The crescent signum section includes the genera Thosea Walker, Praesetora Hering, Setora Walker, Birthamoides Hering, Birthamula Hering, Allothosea Hering, and the new genera Setothosea, Birth osea and Griseothosea. Most of these genera have pale patches at the apex of the foretibia, some having a similar spot at the apex of the forecoxa. Many have a furca from the base of the sacculus in the male genitalia. The larvae have the anterior and posterior dorsolateral scoli much larger than those on A2-7 as in the bisignate group, but that on A5 is also enlarged; the larva of Thosea is exceptional both in shape and in the uniformity of its rows of scoli.

The genera Birthama Walker and Idonauton Swinhoe are tentatively associated with these two sections for reasons given in the generic accounts.

The genera Pseudidonauton Hering, Nirmides Hering and, both newly described here, Pseudonirmides and Bornethosea cannot be assigned to any of these groups on adult features at present. The larva of Pseudonirmides is distinctive. The genera lack the venation modifications described for the final section.

The final section is defined on modifications of the forewing venation (Fig. 38). Vein R5 is 'split-back' to arise independently from the cell at a small distance from Rs. The cubital veins are usually curved to a lesser or greater degree and the anal vein or CuP can be sinuous. The splitting-back of R5 is evident in both sexes but the other venation features tend to be more strongly developed in males.

Figures 37-39
. Wing venation of Limacodidae showing position of R5 (r) on the fore-wing. 37, Nirmides basalis; 38, Darna metaleuca; 39, Pseudidonauton admirabile.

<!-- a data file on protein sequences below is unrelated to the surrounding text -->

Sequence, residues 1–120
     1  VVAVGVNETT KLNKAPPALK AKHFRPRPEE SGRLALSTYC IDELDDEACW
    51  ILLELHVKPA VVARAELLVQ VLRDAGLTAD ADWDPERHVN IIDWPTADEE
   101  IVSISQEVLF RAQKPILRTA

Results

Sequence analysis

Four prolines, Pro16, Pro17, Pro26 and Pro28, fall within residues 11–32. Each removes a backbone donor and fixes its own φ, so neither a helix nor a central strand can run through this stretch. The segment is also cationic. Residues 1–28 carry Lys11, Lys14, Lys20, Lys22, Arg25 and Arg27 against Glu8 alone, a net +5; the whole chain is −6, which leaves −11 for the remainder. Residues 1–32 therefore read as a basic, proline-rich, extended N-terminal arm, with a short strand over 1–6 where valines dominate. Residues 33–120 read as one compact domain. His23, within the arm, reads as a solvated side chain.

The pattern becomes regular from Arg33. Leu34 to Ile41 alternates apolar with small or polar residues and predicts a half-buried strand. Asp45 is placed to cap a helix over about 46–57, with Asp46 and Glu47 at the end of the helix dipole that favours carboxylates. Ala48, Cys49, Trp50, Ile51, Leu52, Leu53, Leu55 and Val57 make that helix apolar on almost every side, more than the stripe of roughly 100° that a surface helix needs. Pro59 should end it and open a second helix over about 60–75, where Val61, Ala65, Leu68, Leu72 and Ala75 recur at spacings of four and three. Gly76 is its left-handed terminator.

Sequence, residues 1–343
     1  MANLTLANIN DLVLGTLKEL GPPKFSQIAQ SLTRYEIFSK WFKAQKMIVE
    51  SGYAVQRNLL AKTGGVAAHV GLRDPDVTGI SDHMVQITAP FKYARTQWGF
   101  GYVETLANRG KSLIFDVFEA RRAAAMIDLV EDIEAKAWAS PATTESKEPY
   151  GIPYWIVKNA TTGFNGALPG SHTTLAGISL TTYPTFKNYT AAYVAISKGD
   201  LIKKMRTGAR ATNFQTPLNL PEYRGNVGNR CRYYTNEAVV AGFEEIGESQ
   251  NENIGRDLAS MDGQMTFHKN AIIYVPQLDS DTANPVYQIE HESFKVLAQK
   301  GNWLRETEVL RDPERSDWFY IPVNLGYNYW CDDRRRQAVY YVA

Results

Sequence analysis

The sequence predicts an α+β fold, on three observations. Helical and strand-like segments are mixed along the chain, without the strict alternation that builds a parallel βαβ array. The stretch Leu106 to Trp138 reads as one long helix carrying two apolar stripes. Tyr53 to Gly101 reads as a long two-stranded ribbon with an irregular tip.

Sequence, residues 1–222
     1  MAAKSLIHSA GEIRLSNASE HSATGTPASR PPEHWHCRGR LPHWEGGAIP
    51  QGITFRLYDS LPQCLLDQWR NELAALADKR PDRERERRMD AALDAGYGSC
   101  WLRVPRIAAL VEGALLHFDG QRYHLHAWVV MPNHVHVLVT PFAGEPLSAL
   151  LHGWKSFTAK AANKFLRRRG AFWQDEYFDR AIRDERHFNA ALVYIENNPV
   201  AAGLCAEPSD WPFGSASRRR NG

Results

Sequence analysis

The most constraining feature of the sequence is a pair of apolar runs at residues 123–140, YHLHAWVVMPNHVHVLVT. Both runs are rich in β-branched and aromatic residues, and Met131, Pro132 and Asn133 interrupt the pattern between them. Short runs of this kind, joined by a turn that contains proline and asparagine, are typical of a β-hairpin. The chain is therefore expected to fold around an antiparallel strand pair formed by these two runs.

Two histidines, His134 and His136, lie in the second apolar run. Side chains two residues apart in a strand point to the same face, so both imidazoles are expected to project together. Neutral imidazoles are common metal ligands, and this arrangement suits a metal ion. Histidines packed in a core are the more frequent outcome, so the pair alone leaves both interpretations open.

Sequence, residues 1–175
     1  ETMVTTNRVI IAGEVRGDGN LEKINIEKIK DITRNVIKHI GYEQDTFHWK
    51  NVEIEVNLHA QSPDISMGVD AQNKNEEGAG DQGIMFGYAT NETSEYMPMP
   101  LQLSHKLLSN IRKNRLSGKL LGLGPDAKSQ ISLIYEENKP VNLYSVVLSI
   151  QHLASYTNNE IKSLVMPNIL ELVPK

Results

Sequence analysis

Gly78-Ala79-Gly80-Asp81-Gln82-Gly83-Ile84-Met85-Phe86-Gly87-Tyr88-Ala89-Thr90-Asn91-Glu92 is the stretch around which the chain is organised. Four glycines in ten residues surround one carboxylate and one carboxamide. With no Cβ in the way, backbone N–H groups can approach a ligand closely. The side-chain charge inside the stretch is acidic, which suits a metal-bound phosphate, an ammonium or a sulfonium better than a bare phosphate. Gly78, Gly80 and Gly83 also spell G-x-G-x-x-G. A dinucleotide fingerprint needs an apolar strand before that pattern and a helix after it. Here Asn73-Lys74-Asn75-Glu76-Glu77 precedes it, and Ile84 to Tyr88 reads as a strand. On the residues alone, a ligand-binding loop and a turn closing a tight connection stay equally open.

Two subgroups can be recognised. One has filiform antennae in the male and a somewhat divided valve to the genitalia in some genera. It includes Ceratonema Hampson, Trichogyia Hampson, Caissa Hering, Limacosilla Hering, and a new genus, Striogyia. Euphlyctinides Hering also belongs to this subgroup, but the type species, rava Hering, is a junior synonym of Ceratonema albifusum Hampson, syn. n. The other subgroup has male antennae completely bipectinate and includes Darna Walker and two new genera, Marsuplectra and Limantricodes.

The larvae of this final section tend to be somewhat humped towards the anterior, the dorsolateral scoli much smaller than the laterals which are often longer posteriorly.

Of the 95 Bornean species, 35 (37%) are at present only known from Borneo. Five are shared with Sumatra only and ten with Peninsular Malaysia
only. The Sumatran fauna has not yet been studied in depth but material of the Heterocera Sumatrana Society will shortly be studied by the author and may change this picture dramatically as it has already done with the Notodontidae. Further collecting in the Peninsula is also needed.

28 species are found in at least three of the major land areas of Sundaland (Peninsular Malaysia, Sumatra, Java, Borneo) but not outside except perhaps in the south of Burma or Thailand. Thus about 83% of the Bornean fauna is restricted to Sundaland.

The remainder includes one species shared between Borneo and the N.E. Himalaya (Flavinarosa holoxanthia Hampson), one between Borneo and Palawan (Thosea borneensis Hering), one between Borneo and the Philippines (Pseudonirmides sola Swinhoe) and one between Sundaland and Sulawesi (Thosea vetusta Walker). Two species extend from Sundaland eastwards (Mambarona congrua Walker, Chalcocelis albiguttata Snellen) and the rest are shared between Sundaland and parts of mainland Asia: with China (Darna pallivitta Moore); with the N.E. Himalaya and sometimes Taiwan (Cania bandura Moore, Chalcoscelides castaneipars Moore, Praesetora albitermina Hering, Idonauton apicalis Walker, Trichogyia semifascia Hampson); with the Indian Subregion (Phocoderma velutina Kollar, Birthamoides junctura Walker) and with the Oriental tropics generally (Miresa bracteata Butler, Hyphorma minax Walker).